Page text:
Sometimes you can save money just by reading your telephone bill.
I learned that lesson myself this week. In reviewing my latest statement from MCI for long distance service, I found I had been charged for calls to two unfamiliar numbers, one with a Pennsylvania area code and the other with a Delaware area code. The calls, which ranged in duration from one minute to 64 minutes, had been made at odd hours of the day and night.
Altogether, the charges for the calls -- there were 11 of them -- came to $21.63 with tax.
As a precaution, and to avoid the embarrassment of complaining about charges for calls that I might actually have made, I called the two numbers. One turned out to be the boys' dormitory at Mercersburg Academy in Mercersburg, Penn. The other number was answered by a young man in Delaware who said he shared a house with several people.
I reported the incident to MCI, which credited my account for the calls, after determining that no one else had access to my home telephone. In addition, the long distance carrier said that I would be issued a new account number for future MCI calls, since it appeared that someone had cracked my secret code and was using it to make illegal calls.
"This is not a big problem -- but yes, it does happen -- to MCI and to every other long distance carrier, including AT&T," said MCI representative Gary Tobin.
With AT&T, a long distance call can be charged to the phone from which the call is made or to the credit card number of the person making the call.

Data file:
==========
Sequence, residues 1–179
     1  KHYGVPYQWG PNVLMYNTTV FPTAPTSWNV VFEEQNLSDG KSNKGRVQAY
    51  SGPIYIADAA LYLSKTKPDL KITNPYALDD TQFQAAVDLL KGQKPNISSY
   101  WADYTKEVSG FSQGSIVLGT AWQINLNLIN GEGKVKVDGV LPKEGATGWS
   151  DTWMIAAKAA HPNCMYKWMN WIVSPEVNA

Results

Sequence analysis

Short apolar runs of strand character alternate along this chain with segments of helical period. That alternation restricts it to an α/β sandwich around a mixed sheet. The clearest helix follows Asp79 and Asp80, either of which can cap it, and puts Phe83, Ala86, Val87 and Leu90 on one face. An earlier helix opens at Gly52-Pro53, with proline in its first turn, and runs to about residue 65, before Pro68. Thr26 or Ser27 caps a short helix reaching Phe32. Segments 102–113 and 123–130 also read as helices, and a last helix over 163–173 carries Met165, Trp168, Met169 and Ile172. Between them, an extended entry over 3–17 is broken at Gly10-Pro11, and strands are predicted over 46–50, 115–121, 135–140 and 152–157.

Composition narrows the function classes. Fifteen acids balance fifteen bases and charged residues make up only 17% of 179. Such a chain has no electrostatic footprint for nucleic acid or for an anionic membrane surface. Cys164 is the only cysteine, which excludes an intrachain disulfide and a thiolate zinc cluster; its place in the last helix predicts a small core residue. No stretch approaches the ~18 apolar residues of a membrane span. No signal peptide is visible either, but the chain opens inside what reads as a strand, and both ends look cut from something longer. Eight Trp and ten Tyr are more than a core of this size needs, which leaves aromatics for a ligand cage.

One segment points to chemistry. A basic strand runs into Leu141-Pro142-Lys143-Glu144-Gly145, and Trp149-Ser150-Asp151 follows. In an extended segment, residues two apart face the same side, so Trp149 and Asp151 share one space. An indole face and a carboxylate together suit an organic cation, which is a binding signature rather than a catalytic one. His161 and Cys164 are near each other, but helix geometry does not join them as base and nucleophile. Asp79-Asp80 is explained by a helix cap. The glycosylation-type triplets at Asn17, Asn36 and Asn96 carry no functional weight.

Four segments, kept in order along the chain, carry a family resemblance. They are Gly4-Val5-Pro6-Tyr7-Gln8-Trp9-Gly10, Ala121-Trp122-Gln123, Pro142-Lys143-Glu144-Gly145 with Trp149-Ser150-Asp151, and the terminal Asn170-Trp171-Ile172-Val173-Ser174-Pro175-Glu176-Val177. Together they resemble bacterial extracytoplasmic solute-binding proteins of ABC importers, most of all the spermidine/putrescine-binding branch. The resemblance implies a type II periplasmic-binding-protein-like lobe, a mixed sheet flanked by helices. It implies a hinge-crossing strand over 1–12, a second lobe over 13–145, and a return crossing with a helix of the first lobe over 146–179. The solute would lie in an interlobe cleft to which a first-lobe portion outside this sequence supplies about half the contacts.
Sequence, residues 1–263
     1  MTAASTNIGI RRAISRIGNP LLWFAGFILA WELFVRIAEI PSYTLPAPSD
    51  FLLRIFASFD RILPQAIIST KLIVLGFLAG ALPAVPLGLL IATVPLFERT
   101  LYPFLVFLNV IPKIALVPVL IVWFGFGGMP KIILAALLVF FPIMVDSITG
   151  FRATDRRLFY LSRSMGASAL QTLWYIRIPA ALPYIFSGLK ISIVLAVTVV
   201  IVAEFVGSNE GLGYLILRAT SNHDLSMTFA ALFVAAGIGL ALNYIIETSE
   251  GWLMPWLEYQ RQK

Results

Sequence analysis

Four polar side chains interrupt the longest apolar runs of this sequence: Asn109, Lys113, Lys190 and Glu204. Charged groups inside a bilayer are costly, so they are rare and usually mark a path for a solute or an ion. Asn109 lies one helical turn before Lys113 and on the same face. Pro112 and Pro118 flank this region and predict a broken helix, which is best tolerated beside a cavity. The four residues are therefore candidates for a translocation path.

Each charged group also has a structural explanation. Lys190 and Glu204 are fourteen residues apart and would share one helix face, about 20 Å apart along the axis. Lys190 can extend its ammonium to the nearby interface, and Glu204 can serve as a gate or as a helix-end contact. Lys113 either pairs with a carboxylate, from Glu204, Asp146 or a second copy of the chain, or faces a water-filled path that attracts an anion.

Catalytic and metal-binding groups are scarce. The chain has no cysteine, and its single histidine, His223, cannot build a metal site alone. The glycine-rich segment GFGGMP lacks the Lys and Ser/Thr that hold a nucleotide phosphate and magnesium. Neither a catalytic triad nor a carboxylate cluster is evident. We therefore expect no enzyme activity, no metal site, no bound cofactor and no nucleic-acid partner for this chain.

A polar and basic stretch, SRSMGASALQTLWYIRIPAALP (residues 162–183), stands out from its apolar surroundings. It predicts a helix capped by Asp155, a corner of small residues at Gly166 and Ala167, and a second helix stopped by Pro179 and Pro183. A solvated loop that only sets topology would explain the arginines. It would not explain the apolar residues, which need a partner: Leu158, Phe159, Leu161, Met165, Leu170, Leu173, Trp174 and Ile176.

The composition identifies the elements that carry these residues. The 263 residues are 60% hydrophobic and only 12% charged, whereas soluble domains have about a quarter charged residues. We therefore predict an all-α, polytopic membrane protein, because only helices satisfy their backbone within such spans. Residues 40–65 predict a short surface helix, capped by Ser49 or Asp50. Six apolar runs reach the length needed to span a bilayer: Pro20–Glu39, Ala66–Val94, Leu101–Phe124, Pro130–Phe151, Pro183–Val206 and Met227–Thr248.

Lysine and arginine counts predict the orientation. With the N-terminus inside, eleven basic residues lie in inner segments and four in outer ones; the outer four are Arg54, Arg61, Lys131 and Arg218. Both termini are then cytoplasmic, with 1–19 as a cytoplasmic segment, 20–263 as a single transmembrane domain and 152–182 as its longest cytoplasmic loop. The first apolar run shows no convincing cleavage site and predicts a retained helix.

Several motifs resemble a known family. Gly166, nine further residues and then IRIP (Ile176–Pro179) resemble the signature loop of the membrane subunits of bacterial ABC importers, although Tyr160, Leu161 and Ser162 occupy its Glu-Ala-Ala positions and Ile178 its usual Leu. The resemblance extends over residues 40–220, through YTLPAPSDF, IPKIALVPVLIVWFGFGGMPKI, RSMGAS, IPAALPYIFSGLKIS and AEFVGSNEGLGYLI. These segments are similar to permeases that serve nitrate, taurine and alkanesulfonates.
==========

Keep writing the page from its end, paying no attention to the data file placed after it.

The MCI system is more difficult to penetrate, Tobin said, because the user must know two combinations of numbers: First, you must know the telephone number to call to reach the MCI computer to gain access to the long distance line, and second, you must have an approved five-digit billing code to punch into the computer before your call goes through.
But the MCI system -- and others like it -- is vulnerable. Here are four ways that someone can get your code and use it to make their calls:
*Service and repair people who have access to your home may notice the MCI codes that you have stuck onto your telephone, along with your regular telephone number. They can jot those down and use them later to make calls that are charged to your account.
*Someone takes your purse or wallet containing a note with your long distance codes and begins using them to make calls.
*Teen-agers who use your MCI codes at home are careless with them, and their friends "borrow" the numbers.
*A computer hacker does random dialing until he finds the right code combinations to make calls that can be charged to you or someone else.
Tobin estimates that MCI losses from illegal long distance calls amount to less than 2 percent of the company's annual revenues of $1.5 billion. "It's not a lot of money," he said.
But for the individual who is trying to protect himself against such losses -- even when they are only nickel and dime losses -- Tobin suggests these precautions:
*Read your telephone bill so that you understand all the charges. Call the company if you have any questions.
*Read the literature provided by the carrier so you understand how your system works. MCI codes, for instance, are portable -- thus, you can use yours to make a long distance call from any push-button telephone in your general area, in most cases.
*Treat code numbers for long distance service as carefully as you treat code numbers for your electronic banking card.